Successful Stepparenting - Blending Can Bring Mending (Part 2)
In remarriage, families blend best when the youngsters have been prepared for the new stepparent. The cardinal rule when forming a stepfamily is to talk out expectations before marriage. Each partner does not need to hold identical opinions on every subject, but it is crucial that each understands how the other person feels and reacts, especially when it comes to disciplinary matters. Such preparation involves understanding the limitations of step parenting. The stepparent has no biological ties to the child and therefore must earn the young person's respect. Nothing comes to a stepparent via position alone. The new stepparent will probably have to prove himself or herself over and over again.
Many people think that step parenting is as natural as breathing. Life is full of rude awakenings. Many stepparents think that they are mature, that they love kids and that they are easy to get along with. "It will be like having one of my own," they chant. But step parenting is very, very different. No biological ties govern the relationship. The child does not have to love you as your own child naturally would. All the love you planned to heap on your stepchild won't make any difference. The realization of this fact hits with full force within six months after marriage.
The longer a stepchild knows an incoming stepparent prior to marriage, the better the chances for working out expectations and problems. Leaving a child out of preparations when a new person is about to enter his life can have long-lasting repercussions. Wise adults generally involve the stepchild in the wedding service. One family actually mentioned the names of each stepchild when exchanging vows during the wedding service. It made the children feel part of the new family unit. This sharply contrasts with another family where the father vehemently stated: "I married her, not her kids!" He refused to recognize that when children are involved, it is always a package deal.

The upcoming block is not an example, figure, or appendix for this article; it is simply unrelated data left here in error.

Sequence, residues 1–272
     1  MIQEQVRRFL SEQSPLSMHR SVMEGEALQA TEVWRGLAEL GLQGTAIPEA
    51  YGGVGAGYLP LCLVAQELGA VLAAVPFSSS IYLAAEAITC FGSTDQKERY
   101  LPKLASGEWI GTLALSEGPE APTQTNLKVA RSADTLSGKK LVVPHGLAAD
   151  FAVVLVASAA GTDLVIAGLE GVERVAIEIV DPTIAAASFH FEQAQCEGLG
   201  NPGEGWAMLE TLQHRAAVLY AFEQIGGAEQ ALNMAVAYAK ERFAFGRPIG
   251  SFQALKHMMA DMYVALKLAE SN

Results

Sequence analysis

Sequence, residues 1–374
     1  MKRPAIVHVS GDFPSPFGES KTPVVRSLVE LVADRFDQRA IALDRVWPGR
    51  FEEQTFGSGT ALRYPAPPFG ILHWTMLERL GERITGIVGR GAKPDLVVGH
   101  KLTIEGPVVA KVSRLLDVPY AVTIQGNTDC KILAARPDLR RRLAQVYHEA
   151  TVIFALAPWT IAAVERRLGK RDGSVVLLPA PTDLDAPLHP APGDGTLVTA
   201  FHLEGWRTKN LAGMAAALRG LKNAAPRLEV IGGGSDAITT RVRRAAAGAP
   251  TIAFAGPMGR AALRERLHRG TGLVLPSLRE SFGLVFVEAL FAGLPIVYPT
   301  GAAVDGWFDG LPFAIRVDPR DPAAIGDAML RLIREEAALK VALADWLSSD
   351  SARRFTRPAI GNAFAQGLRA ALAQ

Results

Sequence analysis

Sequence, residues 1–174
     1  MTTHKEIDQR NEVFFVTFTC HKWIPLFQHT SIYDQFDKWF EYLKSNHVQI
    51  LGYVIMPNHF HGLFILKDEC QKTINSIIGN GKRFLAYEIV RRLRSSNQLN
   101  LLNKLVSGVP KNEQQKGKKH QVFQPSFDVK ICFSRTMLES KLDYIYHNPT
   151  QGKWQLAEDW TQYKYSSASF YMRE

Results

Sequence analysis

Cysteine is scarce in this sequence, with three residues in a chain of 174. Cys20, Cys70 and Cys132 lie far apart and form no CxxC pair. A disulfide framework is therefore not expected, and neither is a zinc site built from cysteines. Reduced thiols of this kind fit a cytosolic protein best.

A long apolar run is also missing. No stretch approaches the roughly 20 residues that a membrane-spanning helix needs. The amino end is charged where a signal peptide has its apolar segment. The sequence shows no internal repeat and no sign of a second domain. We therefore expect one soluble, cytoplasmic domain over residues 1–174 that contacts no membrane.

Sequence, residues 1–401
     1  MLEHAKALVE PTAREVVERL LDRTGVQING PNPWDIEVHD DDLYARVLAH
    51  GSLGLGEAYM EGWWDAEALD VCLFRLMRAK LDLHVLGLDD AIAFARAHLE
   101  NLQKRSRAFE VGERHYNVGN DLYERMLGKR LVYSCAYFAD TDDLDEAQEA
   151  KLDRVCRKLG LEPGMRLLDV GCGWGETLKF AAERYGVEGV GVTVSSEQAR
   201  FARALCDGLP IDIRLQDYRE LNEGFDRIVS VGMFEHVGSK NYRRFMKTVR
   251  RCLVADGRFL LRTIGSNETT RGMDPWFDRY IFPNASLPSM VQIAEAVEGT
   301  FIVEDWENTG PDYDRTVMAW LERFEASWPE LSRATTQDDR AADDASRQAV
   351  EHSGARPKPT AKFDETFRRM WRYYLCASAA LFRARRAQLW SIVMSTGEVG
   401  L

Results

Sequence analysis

Prior to the wedding service, allow the stepchild to see the new parent’s real personality under all circumstances. And the incoming parent should make every attempt to encourage the child to reveal what he expects from the relationship.
Becoming the stepparent to the child of a divorced person may be very different from living with a child who yearns for someone to fill the void left by a deceased parent. The longer the child has lived in a single-parent home after the death of the parent, the more rigid his memories tend to become and the more difficult the adjustment may be. The child will probably expect the new parent to take up where the old one left off, and it just isn't possible. Every child in the newly-formed family should feel a part of the family as soon as possible. The child needs to know that he has a special place. If the stepchild only visits on weekends or holidays, it is still necessary to arrange a place that belongs only to him - a bed, a drawer, certain possessions. When two sets of children must merge, it becomes even more important that the child have a space all his own. One mother who moved here two children into the home of her new husband with his two children commented, "All the children have been forced to do some adjusting. The children must share bedrooms. My oldest daughter wants a bedroom of her own, and my husband's children are whining, "Whose house is this anyway?"
The stepparent family needs to find common ground - an activity, a sharing of jobs - that can draw them together. It might be weekend camping, a sport enjoyed by all, a love of bird watching, or perhaps leading church activities together. But it needs to be something that will help the family form bonds of friendship with one another.
No one can replace a biological parent, and no stepparent should try. However, the best thing that can happen to the child of a family broken by death or divorce is to gain the right stepparent. This child can be loved by his biological parent - yes. But to be loved by someone who has chosen to love you is something quite different. A happy "blended family" is possible if the adults are mature, patient and persistent, and if God's love is consistently demonstrated during the blending process and beyond. Blending can bring mending.